Photo: Simon WachterBlue Love at Canberra Theatre Centre Playhouse, August 16-17, 2017.
Director/Writer/Designer/Choreographer: Shaun Parker
Original Direction by Shaun Parker & Jo Stone
Dramaturg: Kate Champion (Founding Artistic Director of Force Majeure)
Performed by Shaun Parker, Lucia Mastrantone & Jo Stone
Reviewed by Frank McKone
When a show so cleverly satirises the criticism of art, what am I to write in response? Can I just say, “Well done!” and be done with it? Or better, “Extremely well done!!!”
Maybe a little verbal dancing will save my critical bacon. The great writer on criticism, the poet TS Eliot, pointed out that “There are several forms which criticism might take; there is always a large proportion of criticism which is retrograde or irrelevant; there are always many writers who are qualified neither by knowledge of the past nor by awareness of the sensibility and the problems of the present.”
Am I so qualified? I can’t dance like Glenn and Rhonda Flune. Or sing mediaeval French folk songs like them. With a bit of redevelopment of ancient experience, I might be able to act a bit like them, and fool my audience into not being sure if they are fictional or real.
I’m pretty sure I can’t write like Shaun Parker, even with the help of such a spot-on dramaturg as dance-drama expert Kate Champion. My imagination is just not so wonderful. I think I should accept Samuel Beckett’s criticism:
ESTRAGON: (with finality). Crritic!
He wilts, vanquished, and turns away.”
But maybe that’s just my being qualified by knowledge of a past sensibility – 1960’s absurdism. In modern times, Blue Love is remarkably original. Yet I was reminded that it does have antecedents by the flyer, perhaps ironically left on my seat.
“An acrobatic exploration of the place we call home.” “Thought provoking...heart stopping.” “The finest piece of circus I’ve ever seen.” To which I would add, “The funniest piece of theatre I have seen for a very long time.” But wait. These paeans of praise are about Landscape with Monsters (not the ‘funniest’ bit), the show by Circa at the Canberra Theatre on 6-9 September. Did the front-of-house staff realise these words are as true of Blue Love as we hope they will be of Landscape with Monsters.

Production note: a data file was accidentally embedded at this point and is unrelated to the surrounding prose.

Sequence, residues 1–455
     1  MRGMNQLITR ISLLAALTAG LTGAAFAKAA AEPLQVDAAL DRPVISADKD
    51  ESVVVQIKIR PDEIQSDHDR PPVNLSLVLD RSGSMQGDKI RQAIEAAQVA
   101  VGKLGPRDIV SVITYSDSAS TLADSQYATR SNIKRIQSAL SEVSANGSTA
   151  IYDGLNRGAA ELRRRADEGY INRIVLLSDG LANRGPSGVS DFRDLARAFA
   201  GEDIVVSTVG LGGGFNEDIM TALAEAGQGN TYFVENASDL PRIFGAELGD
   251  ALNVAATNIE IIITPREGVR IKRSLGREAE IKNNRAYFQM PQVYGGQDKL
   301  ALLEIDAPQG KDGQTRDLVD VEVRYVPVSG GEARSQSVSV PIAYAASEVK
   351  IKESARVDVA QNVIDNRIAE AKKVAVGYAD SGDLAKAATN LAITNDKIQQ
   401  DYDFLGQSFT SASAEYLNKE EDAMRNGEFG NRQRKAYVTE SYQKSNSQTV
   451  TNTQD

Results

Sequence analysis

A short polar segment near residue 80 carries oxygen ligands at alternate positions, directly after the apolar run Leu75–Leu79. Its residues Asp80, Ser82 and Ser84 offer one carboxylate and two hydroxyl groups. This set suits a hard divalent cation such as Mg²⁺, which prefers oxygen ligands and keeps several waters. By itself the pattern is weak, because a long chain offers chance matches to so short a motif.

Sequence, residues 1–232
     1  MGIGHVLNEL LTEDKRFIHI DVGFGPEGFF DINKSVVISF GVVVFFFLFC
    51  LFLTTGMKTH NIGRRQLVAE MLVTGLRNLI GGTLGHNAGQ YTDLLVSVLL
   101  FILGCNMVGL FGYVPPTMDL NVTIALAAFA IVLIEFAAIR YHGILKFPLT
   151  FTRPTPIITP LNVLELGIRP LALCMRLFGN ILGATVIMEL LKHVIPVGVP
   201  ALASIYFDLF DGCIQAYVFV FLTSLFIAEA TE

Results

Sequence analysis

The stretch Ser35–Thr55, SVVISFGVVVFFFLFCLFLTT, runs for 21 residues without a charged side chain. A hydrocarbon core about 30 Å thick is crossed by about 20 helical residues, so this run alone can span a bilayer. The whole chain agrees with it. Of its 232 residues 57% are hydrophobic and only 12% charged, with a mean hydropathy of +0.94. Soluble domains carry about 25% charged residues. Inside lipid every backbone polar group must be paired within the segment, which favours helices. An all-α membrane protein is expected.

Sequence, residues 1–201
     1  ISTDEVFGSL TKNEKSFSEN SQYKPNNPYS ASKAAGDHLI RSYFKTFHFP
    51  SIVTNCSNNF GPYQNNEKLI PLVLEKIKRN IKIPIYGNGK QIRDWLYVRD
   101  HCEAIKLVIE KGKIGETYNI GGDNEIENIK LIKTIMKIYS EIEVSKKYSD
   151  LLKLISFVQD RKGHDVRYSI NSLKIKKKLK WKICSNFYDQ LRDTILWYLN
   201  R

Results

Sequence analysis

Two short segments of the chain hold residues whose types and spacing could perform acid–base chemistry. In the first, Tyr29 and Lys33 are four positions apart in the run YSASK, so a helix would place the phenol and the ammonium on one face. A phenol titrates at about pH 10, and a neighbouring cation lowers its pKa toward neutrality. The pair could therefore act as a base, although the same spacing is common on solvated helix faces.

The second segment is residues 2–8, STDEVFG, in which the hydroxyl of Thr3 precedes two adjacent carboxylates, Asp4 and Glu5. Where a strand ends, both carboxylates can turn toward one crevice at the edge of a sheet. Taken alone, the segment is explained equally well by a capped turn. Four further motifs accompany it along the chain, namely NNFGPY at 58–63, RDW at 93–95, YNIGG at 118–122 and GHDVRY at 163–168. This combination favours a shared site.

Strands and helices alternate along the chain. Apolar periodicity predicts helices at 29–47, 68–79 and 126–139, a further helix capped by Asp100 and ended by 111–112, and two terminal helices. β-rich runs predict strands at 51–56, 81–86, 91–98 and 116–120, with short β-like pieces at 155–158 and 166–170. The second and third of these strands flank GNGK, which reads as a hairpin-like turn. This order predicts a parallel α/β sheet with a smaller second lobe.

And I’m sure I saw a line of history back to the original Circus Oz. Shaun Parker’s sense of humour is wild in that same vein.
‘Home’ in Blue Love is Rhonda and Glenn’s home, which includes all of us visitors, welcomed with snacks and beers. We are entertained by them for an hour or so, as they tell us the story of how they met, fell in love, married, bought their house, lost their first child, had two more. We never quite get to the Darby and Joan stage, as ‘lurv’ seems to fall apart while we watch their home movies and listen to a startling sound mix of lines from just about every recorded love song of the past hundred years. Even TS Eliot when writing the Love Song of J. Alfred Prufrock in 1917 might have been thinking ahead to Smoke Gets In Your Eyes (even apparently under water in Blue Love).
To describe Shaun and Lucia’s choreography in words is impossible. A Youtube virtual reality headset would be the only way. As Eliot said about poetry: “It is not always true that a person who knows a good poem when he sees it can tell us why it is a good poem. The experience of poetry, like any other experience, is only partially translatable into words."
So that’s it. Good theatre can’t be translated into words. You have to see it to believe it. Blue Love is an experience you should definitely not miss. Because you will love it.